Rooftop “greening” as an option for microclimatic amelioration in a high-density building complex
Paul W. Osmond, University of New South Wales, Sydney, New South Wales, Australia
The University of New South Wales (UNSW) is a major teaching and research institution located in an inner suburb of Sydney, Australia. Growth and intensification of the University’s activities within a spatially constrained site have placed pressure on existing open space within the campus, and limit the development of new vegetated areas on the ground plane. The urban geometry of the site and proliferation of hard surfaces have a marked effect on the local microclimate, outdoor thermal comfort (particularly during Sydney’s hot humid summers) and the energy performance of University buildings.
At the same time, UNSW has developed a strong sustainability profile in its teaching, research and campus operations, including the promotion of synergies between environmental learning and the learning environment as represented by the campus itself. For example, there is growing interest within the UNSW Faculty of the Built Environment in the topic of roof gardens, with the University’s own predominantly flat rooftops seen as potential case studies for teaching and learning.
This research utilises a high-resolution (0.5-10 metre) computer model to simulate the microclimatic effects of a proposed major redevelopment affecting a 30,000 square metre section of campus, with and without the introduction of vegetation (where structurally feasible) on the rooftops of planned and existing buildings and infrastructure.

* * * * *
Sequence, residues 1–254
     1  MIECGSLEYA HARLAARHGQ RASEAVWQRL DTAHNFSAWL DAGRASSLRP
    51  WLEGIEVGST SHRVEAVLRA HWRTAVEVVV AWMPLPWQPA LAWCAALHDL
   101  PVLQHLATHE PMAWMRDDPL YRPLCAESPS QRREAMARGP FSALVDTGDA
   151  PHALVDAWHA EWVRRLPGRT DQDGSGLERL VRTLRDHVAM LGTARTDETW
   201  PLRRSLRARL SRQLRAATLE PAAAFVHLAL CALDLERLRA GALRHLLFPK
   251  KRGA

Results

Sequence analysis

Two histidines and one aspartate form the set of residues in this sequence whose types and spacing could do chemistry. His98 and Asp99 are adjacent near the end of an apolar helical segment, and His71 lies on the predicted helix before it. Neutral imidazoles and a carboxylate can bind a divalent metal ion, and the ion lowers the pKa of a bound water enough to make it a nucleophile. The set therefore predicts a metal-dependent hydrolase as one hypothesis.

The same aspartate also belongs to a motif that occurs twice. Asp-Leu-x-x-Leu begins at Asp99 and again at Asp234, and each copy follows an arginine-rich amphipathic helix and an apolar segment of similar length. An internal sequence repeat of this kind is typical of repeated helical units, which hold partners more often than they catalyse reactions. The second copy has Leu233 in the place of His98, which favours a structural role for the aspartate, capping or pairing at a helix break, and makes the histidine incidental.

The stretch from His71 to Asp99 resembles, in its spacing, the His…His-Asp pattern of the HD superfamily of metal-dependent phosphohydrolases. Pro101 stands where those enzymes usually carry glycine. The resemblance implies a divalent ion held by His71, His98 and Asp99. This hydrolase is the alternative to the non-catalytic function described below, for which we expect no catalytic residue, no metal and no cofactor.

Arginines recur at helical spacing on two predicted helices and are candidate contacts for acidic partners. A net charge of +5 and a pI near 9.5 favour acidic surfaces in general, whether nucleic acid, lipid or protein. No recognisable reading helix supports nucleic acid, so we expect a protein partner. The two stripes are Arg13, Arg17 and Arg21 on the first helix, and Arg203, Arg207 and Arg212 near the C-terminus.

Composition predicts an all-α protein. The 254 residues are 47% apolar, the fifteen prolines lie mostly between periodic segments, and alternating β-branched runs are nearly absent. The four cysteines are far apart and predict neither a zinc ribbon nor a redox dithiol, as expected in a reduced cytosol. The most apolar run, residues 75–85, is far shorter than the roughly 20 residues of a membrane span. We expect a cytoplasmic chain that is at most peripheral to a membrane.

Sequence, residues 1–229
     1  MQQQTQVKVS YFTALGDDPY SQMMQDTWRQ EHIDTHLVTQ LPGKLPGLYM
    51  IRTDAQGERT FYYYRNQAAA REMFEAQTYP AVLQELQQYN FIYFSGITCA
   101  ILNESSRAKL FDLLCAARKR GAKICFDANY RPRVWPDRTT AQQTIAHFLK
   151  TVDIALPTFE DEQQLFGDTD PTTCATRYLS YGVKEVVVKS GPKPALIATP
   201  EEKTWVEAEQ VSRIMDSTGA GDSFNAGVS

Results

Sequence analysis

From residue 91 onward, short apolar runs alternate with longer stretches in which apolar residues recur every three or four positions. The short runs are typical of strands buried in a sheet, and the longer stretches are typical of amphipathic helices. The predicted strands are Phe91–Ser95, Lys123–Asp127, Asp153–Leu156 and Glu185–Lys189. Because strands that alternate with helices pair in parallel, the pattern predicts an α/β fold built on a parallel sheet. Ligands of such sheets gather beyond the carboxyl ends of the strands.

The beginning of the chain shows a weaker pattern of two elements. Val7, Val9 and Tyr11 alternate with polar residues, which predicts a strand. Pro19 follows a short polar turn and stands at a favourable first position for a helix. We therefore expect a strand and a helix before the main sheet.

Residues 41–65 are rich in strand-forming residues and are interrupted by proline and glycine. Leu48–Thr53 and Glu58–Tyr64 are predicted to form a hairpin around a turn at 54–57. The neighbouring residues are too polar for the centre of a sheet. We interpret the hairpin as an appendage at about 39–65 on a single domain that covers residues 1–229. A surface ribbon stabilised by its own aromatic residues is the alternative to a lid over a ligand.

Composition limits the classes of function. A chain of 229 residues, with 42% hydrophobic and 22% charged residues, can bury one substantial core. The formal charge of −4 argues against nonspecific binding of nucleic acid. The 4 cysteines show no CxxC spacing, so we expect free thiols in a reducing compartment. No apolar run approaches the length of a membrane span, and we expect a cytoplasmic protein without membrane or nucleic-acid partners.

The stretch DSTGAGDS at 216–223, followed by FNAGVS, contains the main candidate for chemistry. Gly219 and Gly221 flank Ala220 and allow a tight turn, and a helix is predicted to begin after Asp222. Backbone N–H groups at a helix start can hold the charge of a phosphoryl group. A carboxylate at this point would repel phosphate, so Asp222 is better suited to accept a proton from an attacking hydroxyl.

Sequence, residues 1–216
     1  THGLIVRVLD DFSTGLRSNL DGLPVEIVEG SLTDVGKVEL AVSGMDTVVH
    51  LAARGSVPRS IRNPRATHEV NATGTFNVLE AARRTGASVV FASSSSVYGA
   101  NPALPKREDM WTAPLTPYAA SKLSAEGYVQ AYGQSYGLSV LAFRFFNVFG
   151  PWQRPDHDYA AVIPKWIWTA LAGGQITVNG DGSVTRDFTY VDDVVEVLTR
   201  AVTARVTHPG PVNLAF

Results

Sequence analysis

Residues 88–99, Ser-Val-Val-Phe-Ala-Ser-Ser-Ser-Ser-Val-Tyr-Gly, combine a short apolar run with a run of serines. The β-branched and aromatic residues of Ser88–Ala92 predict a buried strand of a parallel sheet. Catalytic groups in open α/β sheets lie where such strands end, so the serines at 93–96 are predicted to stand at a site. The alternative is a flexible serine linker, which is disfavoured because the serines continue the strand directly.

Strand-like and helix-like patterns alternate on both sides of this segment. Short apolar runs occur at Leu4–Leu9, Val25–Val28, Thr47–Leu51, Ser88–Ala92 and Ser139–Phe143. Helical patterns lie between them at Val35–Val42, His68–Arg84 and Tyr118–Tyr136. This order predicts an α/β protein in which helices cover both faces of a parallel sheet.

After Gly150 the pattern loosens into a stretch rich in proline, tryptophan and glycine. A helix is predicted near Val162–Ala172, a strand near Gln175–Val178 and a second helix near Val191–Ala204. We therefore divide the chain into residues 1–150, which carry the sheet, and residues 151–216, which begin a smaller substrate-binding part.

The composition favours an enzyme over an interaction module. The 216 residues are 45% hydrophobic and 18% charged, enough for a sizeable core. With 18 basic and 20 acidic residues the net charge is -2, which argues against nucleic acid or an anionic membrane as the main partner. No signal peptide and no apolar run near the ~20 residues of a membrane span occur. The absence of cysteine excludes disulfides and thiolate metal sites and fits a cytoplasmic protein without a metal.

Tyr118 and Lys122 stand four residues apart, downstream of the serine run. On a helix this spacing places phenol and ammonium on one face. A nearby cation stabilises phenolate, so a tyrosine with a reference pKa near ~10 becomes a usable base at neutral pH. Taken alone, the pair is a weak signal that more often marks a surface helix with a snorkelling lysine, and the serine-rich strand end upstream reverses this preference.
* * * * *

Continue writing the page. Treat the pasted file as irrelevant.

The site includes the University’s main pedestrian “plaza”, several current and proposed multi-storey buildings, outdoor eating and grassed passive recreation areas, and paved car parking space. The simulation models the climatic conditions of a typical Sydney summer day.
The findings are evaluated in relation to both outdoor thermal comfort and building performance. Additional environmental aspects of roof greening are discussed, and the implications considered from the perspective of connecting teaching and research with the physical fabric and operation of the campus, to address both academic and corporate environmental management goals.
Extended Abstract (216K)
Session 4, Mitigation of Urban Heat Islands (parallel with session 3)
Monday, 23 August 2004, 1:30 PM-4:30 PM
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